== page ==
Bones: Make it or Break it
Why Bone Density Scanning
There is no time like the present to explore your bone health. All people benefit from strong, dense bone tissue! Denser bone tissue decreases the likelihood of a fracture in the event of a traumatic event or fall. Sometimes, bone density data can still surprise you even if you are younger or have no family history of bone disorders.
It’s important to understand where you stand concerning density now since bone remodeling (growth and change) happens over a long period. Depending on the program, it can be 6 months or more to see measurable changes. There’s no time like the present to start building a more resilient skeleton.
Not a Diagnostic
At BodySpec, bone density information comes with every DEXA scan report. It’s important to know what that information is, and what it’s not. The z-score that we provide is a measurement of your density compared to an age, declared gender, and ethnicity-matched national population from NHANES. That’s the health survey conducted by the CDC, and it provides vital health statistics for the nation. Our z-score is not a measurement of bone strength, nor is the data appropriate for diagnostic purposes.
While it is true that DEXA machines are the standard in osteopathic diagnosis, BodySpec runs a comprehensive whole-body scan, whereas bone diagnostic scans are regional. Those important discussions are best left to an appropriate care provider. We can give you a good idea of how you compare to peers, and tip you off to densities that are lower than average and are worth exploring further.
How Bone is Built
Your body will not convert calcium and other nutrients to bone automatically. Bone growth is not prompted unless there is sufficient and repeated force exerted on the existing bone. Your bones will adapt to the stimulus they are placed under, the same as building new muscle tissue! This can be achieved through weight training or impact training (think jogging, kickboxing, or tennis). The term Minimal Essential Strain (MES) refers to the threshold stimulus that initiates new bone formation. Osteoblasts (bone-building cells) only get signaled to migrate to a particular region and form new bone when you are consistently exceeding the MES in that region.
Keep this in mind! Your minimum strain required is going to increase as your bones adapt to the stress they’re under. As your physiology changes, you will need to progressively overload your muscles and bones to continue that growth.
What You Can Do: Fuel and Function
You are your best bone health champion! It all starts from within. Getting those nutrition building blocks into your system. Calcium, vitamin D, Magnesium, and vitamin K are all your bone-friendly micronutrients. Try to get these from whole foods if you can. Supplements are good but you’ll need to be mindful of not exceeding daily recommended totals.
Remember these: Strength and/or Impact. With those nutrients ready for action in your system, you’ll have to incorporate strength training or impact training into your routines to stimulate bone growth. Weight lifting, also called strength training, is going to be the most accessible function for most folks. Load-bearing exercises are critical to increasing bone strength and size.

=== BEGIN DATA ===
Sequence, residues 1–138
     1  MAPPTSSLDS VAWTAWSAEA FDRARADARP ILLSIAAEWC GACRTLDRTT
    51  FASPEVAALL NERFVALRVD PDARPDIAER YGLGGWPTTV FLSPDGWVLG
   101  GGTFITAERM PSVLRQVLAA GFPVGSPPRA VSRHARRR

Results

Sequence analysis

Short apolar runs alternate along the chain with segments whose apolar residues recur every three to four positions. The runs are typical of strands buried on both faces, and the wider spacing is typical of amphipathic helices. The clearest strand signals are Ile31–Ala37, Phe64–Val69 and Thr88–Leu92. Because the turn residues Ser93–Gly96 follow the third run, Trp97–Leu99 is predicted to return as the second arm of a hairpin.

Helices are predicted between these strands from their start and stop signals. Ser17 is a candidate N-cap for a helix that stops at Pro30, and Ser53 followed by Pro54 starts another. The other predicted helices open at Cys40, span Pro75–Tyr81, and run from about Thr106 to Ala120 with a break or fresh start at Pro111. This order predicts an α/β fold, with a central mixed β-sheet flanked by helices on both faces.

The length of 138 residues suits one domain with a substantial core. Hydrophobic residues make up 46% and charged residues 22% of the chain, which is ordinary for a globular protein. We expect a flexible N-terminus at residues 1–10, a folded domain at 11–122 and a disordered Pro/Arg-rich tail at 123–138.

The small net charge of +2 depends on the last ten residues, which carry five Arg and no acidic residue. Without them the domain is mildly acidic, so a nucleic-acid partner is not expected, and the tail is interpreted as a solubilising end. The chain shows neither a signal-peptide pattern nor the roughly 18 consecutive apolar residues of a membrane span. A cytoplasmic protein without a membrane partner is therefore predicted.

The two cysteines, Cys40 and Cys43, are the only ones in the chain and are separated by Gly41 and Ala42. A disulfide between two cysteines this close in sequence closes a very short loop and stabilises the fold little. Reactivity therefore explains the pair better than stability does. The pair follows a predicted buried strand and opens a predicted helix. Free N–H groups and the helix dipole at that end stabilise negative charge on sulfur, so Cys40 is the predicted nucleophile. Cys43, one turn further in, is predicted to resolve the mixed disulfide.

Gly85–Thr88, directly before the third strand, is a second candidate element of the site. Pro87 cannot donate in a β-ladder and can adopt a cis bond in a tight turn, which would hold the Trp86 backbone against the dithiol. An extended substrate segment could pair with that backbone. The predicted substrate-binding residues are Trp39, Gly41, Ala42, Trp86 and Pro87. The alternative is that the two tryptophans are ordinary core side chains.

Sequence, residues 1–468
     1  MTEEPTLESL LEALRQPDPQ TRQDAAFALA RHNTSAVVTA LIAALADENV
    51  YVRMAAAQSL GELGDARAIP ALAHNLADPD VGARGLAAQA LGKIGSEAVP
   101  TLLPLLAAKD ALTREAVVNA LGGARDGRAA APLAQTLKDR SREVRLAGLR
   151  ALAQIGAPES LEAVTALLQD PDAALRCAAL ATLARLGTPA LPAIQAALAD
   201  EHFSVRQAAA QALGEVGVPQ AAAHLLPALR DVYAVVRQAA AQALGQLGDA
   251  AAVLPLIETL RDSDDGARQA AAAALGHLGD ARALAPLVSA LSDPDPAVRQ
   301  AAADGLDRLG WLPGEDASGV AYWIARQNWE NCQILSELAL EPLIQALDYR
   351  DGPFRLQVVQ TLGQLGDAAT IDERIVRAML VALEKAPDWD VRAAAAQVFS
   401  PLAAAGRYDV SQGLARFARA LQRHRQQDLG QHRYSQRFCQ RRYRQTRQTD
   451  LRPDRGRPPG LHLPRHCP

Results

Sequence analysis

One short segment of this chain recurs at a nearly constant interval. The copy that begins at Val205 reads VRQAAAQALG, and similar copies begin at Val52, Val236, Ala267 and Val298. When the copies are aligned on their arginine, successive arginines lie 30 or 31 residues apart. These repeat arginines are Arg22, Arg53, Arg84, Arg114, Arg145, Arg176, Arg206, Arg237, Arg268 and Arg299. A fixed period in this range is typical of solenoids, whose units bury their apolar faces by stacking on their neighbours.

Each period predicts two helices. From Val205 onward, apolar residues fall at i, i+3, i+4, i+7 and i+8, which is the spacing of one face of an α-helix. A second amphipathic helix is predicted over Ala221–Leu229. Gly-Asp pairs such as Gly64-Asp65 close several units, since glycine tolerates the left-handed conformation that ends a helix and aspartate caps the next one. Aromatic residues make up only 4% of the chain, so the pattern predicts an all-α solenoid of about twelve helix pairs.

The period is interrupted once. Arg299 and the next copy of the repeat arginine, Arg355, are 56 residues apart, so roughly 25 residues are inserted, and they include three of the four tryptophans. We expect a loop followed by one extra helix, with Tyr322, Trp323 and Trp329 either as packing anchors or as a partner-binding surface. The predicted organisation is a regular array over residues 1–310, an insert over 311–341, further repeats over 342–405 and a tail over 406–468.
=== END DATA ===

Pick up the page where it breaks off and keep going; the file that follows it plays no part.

Strong forces of muscular contraction performed during these exercises will increase the mechanical stress on the bone, and bone must subsequently increase in mass and strength to provide a sufficient support structure for growing muscle mass. The National Institutes of Health recommend at least two sets of one exercise for each major muscle group should be performed at a target intensity of eight to 12 repetition maximum
With impact training, consider what activities would cause your bones to vibrate slightly with impact. Running, jogging, kickboxing, and tennis are all examples. Walking is good too! Racquet sports often include sprints and stopping short on courts, and hard momentum changing of the racquet and ball through the long bones of the arm.
Jogging or any running sport can provide the stimulus for new bone growth in the lower body. Keep in mind that the bones of the upper body do not receive as much of that stimulus, so they might need to be trained separately. People in running sports often have very developed leg bones compared to their arms due to their bones adapting to the strain of intense workouts over time.
Kickboxing is a good example of a full-body bone-building sport. Certain types of explosive dance that include jumping may provide the appropriate stimulus, but flowy or expressive styles may not meet that MES (minimum essential strain) threshold.
Bones as they age
Fuel and function work together to create the environment for bone building. But as we age, our bones naturally begin to decline in density. The tips outlined here are great for building bone, but they are just as relevant for preserving bone! Bone tissue naturally decreases with age, and some people are at more risk than others for osteoporosis. But you can slow, stop, or even reverse that process through a commitment to exercise throughout your life.
Book a DEXA scan to take the first step to a stronger, more resilient you today.
Exercise for Your Bone Health: Recommendations from the National Institutes of Health: The US Department of Health and Social Services
Fitness Focus: Exercise and Bone Health: ACSM's Health & Fitness Journal
Benefits of 2 Years of Intense Exercise on Bone Density, Physical Fitness, and Blood Lipids in Early Postmenopausal Osteopenic Women:| JAMA Internal Medicine